5

I try to replace some texts in text files with sed but don't know how to do it with multiple files.
I use:

sed -i -- 's/SOME_TEXT/SOME_TEXT_TO_REPLACE/g /path/to/file/target_text_file

Before i go with the multiple files i printed the paths of targeted text files in a text file with this command:

find /path/to/files/ -name "target_text_file" > /home/user/Desktop/target_files_list.txt

Now i want to run sed according to target_files_list.txt.

7

You can loop through the file using while ... do loop:

$ while read i; do printf "Current line: %s\n" "$i"; done < target_files_list.txt

In your case you should replace printf ... with sed command you want.

$ while read i; do sed -i -- 's/SOME_TEXT/SOME_TEXT_TO_REPLACE/g' "$i"; done < target_files_list.txt

However, notice that you can achieve what you want using only find:

$ find /path/to/files/ -name "target_text_file" -exec sed -i -- 's/SOME_TEXT/SOME_TEXT_TO_REPLACE/g' {} \;

You can read more about -exec option by running man find | less '+/-exec ':

   -exec command ;

          Execute command; true if 0 status is returned.  All
          following arguments to find are taken to be arguments to
          the command until an argument consisting of `;' is
          encountered.  The string `{}' is replaced by the current
          file name being processed everywhere it occurs in the
          arguments to the command, not just in arguments where it
          is alone, as in some versions of find.  Both of these
          constructions might need to be escaped (with a `\') or
          quoted to protect them from expansion by the shell.  See
          the EXAMPLES section for examples of the use of the
          -exec option.  The specified command is run once for
          each matched file.  The command is executed in the
          starting directory.  There are unavoidable security
          problems surrounding use of the -exec action; you should
          use the -execdir option instead.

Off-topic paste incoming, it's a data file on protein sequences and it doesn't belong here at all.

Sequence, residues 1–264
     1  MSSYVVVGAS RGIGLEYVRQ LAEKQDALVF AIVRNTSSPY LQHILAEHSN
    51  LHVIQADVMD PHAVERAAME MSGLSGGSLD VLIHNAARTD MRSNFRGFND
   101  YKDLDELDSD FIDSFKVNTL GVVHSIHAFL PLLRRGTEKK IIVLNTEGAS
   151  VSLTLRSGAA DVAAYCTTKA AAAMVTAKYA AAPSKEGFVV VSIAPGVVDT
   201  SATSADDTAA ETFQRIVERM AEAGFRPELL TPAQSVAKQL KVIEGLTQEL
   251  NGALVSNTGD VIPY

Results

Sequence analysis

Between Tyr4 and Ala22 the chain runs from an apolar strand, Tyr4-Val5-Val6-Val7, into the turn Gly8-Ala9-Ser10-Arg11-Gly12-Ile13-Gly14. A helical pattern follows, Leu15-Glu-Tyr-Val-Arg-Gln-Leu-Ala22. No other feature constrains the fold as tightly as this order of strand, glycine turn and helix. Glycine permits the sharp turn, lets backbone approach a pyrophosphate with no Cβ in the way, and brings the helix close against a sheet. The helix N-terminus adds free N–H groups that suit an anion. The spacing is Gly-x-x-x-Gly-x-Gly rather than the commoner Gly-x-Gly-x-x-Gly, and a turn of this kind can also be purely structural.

EDIT:

As correctly noted by users terdon and dessert in the comments it's necessary to use -r with read because it will correctly handle backslashes. It's also reported by shellcheck:

$ cat << EOF >> do.sh
#!/usr/bin/env sh
while read i; do printf "$i\n"; done < target_files_list.txt
EOF
$ ~/.cabal/bin/shellcheck do.sh

In do.sh line 2:
while read i; do printf "\n"; done < target_files_list.txt
      ^-- SC2162: read without -r will mangle backslashes.

So it should be:

$ while read -r i; do sed -i -- 's/SOME_TEXT/SOME_TEXT_TO_REPLACE/g' "$i"; done < target_files_list.txt
| improve this answer | |
  • 3
    read will not see the last line of the input file if it doesn't end with a newline character, I recommend while IFS='' read -r i || [[ -n "$i" ]]; do … instead. – dessert Dec 24 '17 at 11:57
  • 1
    I appreciate your remark. However, note that user uses > that will handle new lines automatically and that it's common in unix world to end files with newilne: stackoverflow.com/questions/729692/…. – Arkadiusz Drabczyk Dec 24 '17 at 12:00
  • 1
    You're totally right and that's the way everyone should do that, but I prefer adapting the code to the user, not the other way around. ;) – dessert Dec 24 '17 at 12:06
  • @ArkadiuszDrabczyk the problem isn't so much the rare occurrence of a file with no terminal newline, but the much more common issue of file names with spaces. Using while IFS= makes this work on file names with spaces (or tabs, newlines etc) and using -r makes it work for file names with backslashes. Your find solution can deal with arbitrary file names, but the while approach needs the changes dessert suggested to make it robust. – terdon Dec 24 '17 at 12:29
  • 1
    @ArkadiuszDrabczyk the only case I'm aware of where it makes a difference (at least in current versions of bash) is if the filename starts with whitespace – steeldriver Dec 24 '17 at 13:28
3

One way would be to use xargs:

xargs -a target_files_list.txt -d '\n' sed -i -- 's/SOME_TEXT/TEXT_TO_REPLACE/g'

From man xargs:

   -a file, --arg-file=file
          Read items from file instead of standard input.  

   --delimiter=delim, -d delim
          Input  items  are  terminated  by  the specified character.  The
          specified delimiter may be a single character, a C-style charac‐
          ter  escape  such as \n, or an octal or hexadecimal escape code.
| improve this answer | |
2

Just use a for loop.

IFS=$'\n' # Very important! Splits files on newline instead of space.

for file in $(cat files.txt); do
    sed ...
done

Note that you will run into problems if you encounter any files with newlines (!) in their names. (:

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